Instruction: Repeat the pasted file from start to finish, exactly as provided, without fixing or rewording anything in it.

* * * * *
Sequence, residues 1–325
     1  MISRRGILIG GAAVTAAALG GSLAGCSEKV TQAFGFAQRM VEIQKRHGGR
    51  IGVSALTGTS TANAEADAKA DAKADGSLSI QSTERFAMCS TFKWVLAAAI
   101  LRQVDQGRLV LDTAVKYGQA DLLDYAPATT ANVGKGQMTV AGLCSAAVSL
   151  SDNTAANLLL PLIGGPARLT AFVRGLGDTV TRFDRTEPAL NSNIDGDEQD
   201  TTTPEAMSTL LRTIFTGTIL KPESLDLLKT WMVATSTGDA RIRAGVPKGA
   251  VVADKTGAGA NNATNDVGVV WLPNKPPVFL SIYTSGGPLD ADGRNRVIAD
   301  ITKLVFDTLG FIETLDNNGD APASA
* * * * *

Sequence, residues 1–325
     1  MISRRGILIG GAAVTAAALG GSLAGCSEKV TQAFGFAQRM VEIQKRHGGR
    51  IGVSALTGTS TANAEADAKA DAKADGSLSI QSTERFAMCS TFKWVLAAAI
   101  LRQVDQGRLV LDTAVKYGQA DLLDYAPATT ANVGKGQMTV AGLCSAAVSL
   151  SDNTAANLLL PLIGGPARLT AFVRGLGDTV TRFDRTEPAL NSNIDGDEQD
   201  TTTPEAMSTL LRTIFTGTIL KPESLDLLKT WMVATSTGDA RIRAGVPKGA
   251  VVADKTGAGA NNATNDVGVV WLPNKPPVFL SIYTSGGPLD ADGRNRVIAD
   301  ITKLVFDTLG FIETLDNNGD APASA